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Vicki Gerson
Vicki Gerson
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Elite 8 Revisited: Where Are They Now?

Insurance & Technology catches up with Elite 8 2003 honorees.

Gauches Turns Consultant

After 35-plus years, executive vice president Joseph Gauches retired at the end of May from The Hartford's property and casualty company. Yet he isn't truly retired. In August, Gauches, along with Robert Lukas, a former CIO of the P&C company, formed a consulting company, Realistic Outcomes, based in Hartford.

"We are working with companies who have questions as to whether their current strategies with IT are realistic," the 2003 Elite 8 winner says. Gauches plans to speak at conferences and remain on the advisory boards of ACORD and the Darwin Systems of Boston.

Though he took time after he left The Hartford to enjoy a two-week vacation to England and Ireland and a short trip to Aruba, Gauches doesn't think he could ever completely retire. But, "I really don't want to work more than 10 days a month," he says. "There has to be enough time for me to play golf."


Fraley Raises Morale

Linda Fraley, VP and CIO of Lincoln National Life (Philadelphia), may have the same job title she held as a 2003 Elite 8 Award winner, but she surely has more responsibilities. Today, Fraley manages the technology environment for the company's two largest businesses: life insurance and annuities.

Fraley and the 180 employees who report to her have been busy meeting the demands of Sarbanes-Oxley. "We had to create new processes to support and standardize across our consolidated organization. This involved determining how work is tested, how work gets into production and how end-user validation takes place," she explains. As a result of downsizing in her department, "All the regulatory requirements have been put in place with less staff."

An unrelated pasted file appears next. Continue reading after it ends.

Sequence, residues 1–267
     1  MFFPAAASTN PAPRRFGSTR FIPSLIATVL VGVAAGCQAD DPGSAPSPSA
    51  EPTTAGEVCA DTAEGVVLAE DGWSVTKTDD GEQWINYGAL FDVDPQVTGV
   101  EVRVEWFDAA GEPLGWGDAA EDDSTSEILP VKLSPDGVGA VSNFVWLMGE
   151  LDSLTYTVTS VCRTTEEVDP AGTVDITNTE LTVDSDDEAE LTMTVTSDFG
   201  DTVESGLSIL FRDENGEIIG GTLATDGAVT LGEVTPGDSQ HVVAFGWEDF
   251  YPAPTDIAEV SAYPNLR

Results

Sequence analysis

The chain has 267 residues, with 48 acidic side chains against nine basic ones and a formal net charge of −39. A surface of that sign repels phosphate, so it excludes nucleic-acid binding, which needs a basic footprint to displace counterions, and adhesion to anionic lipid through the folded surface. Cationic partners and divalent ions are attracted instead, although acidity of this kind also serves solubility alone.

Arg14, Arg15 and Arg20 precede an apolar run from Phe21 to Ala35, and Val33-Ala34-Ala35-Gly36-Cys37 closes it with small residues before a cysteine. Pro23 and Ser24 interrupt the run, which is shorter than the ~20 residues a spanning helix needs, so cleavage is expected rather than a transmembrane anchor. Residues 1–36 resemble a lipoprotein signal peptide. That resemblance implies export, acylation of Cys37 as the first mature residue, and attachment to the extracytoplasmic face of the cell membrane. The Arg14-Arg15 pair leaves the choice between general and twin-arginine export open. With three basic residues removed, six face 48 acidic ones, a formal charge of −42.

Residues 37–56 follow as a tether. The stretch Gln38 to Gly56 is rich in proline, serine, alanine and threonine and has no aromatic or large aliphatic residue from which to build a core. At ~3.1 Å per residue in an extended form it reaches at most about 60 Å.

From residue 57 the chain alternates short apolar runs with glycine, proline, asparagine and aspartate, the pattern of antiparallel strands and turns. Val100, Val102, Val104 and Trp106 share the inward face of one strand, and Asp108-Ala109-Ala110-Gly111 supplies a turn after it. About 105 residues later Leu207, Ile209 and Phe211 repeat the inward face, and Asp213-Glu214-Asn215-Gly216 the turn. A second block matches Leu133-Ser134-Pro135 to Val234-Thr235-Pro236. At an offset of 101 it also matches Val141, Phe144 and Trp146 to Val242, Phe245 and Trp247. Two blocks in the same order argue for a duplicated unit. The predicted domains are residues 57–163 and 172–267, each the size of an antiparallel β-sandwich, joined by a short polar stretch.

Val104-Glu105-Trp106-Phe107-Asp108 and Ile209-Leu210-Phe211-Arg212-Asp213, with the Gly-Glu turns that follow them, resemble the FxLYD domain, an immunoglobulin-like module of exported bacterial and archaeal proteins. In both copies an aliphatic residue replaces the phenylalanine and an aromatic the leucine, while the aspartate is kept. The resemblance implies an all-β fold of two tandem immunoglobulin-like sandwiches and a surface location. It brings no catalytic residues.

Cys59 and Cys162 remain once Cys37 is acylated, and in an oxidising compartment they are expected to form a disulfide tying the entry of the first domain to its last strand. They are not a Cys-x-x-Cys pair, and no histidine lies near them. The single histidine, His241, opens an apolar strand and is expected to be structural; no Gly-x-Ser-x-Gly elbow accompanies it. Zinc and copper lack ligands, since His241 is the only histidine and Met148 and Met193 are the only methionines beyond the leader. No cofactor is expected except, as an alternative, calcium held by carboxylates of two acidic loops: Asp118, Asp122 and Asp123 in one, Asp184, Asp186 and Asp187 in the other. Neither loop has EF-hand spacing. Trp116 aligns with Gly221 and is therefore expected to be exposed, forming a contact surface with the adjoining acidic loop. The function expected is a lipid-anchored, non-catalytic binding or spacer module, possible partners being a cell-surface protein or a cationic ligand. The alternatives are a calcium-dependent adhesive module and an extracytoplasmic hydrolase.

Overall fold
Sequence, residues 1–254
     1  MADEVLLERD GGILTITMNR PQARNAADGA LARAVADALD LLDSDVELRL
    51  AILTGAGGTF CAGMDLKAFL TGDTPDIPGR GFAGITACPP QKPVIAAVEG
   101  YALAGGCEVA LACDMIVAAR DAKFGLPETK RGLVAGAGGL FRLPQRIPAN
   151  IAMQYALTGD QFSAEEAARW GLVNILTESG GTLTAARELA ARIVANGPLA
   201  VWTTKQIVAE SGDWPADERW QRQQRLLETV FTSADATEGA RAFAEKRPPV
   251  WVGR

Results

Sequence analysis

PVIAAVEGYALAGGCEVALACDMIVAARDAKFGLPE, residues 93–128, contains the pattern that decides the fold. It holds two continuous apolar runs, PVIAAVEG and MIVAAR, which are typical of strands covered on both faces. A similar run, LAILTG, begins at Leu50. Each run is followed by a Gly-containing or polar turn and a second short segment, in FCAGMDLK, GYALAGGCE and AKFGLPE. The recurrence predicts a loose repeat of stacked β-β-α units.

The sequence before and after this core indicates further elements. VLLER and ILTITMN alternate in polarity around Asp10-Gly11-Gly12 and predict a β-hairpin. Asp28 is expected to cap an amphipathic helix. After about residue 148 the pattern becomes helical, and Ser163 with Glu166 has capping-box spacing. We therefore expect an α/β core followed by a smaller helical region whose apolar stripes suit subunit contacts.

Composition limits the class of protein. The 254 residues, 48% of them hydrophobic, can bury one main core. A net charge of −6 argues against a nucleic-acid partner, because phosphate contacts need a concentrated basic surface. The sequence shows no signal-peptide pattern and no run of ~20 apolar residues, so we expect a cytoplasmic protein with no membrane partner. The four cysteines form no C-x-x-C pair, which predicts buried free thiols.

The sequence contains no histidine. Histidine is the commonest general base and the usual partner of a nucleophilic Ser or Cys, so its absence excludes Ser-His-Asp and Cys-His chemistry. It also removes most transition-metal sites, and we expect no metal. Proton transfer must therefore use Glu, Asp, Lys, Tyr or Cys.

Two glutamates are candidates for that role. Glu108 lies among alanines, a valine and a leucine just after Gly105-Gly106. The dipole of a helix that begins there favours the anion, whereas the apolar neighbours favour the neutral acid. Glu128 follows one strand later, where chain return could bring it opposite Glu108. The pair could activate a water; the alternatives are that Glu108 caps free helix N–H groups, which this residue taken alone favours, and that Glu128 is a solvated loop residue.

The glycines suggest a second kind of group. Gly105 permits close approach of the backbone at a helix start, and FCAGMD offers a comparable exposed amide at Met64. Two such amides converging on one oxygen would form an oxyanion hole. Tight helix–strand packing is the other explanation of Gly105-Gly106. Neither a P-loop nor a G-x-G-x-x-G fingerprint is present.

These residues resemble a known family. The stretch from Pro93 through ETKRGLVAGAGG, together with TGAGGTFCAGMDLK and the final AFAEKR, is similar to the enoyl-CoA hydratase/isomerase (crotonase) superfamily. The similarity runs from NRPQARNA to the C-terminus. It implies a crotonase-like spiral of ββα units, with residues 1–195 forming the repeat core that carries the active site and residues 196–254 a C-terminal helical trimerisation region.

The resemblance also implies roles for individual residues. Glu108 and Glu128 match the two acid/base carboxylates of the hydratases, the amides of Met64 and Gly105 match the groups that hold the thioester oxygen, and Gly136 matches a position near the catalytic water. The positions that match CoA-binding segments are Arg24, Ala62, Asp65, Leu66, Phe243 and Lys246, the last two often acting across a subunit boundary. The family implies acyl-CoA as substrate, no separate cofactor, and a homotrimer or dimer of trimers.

To build morale, Fraley tries to maintain a life/work balance, and staff parties aren't uncommon. "Sometimes you have to get to know people and build relationships internally by having some fun together," she notes.


Piroch Grows with Highmark Life

While maintaining the responsibilities - ranging from infrastructure management to database administration - that earned him Elite 8 recognition in 2003, Matthew Piroch has also been entrusted with the rollout of Highmark Life's (Pittsburgh) O.P.U.S. (Opportunity to Provide Unique Service) system, the carrier's replacement for its back-end legacy systems, and the development of new policies and procedures. The former VP of IT was promoted to SVP and CIO for Highmark Life & Casualty Group.

This year, Piroch has pursued two initiatives for the company's lead product, employer stop loss coverage. An e-bill initiative will enable clients to make membership changes and payments online. And an e-claims initiative for stop loss and workers' compensation has streamlined claims processing.

Additionally, Highmark is undertaking SAS-70 compliance. "Although we are not a publicly held company, we will be complying with SAS-70 for [self-insured] clients," Piroch says. The company will also seek to comply with Sarbanes-Oxley. "Next year," he adds, "we will spend a significant amount of time on data warehousing and continued replacement of the back-end legacy applications."


Saul and Zurich Globalize IT

David Saul, the former CIO of Zurich North America (Schaumburg, Ill.) and a 2003 Elite 8 Award winner, has a new title - key account executive for general insurance - and new responsibilities. "In my new role, I am responsible for all IT delivery of commercial P&C insurance products and services worldwide," he relates.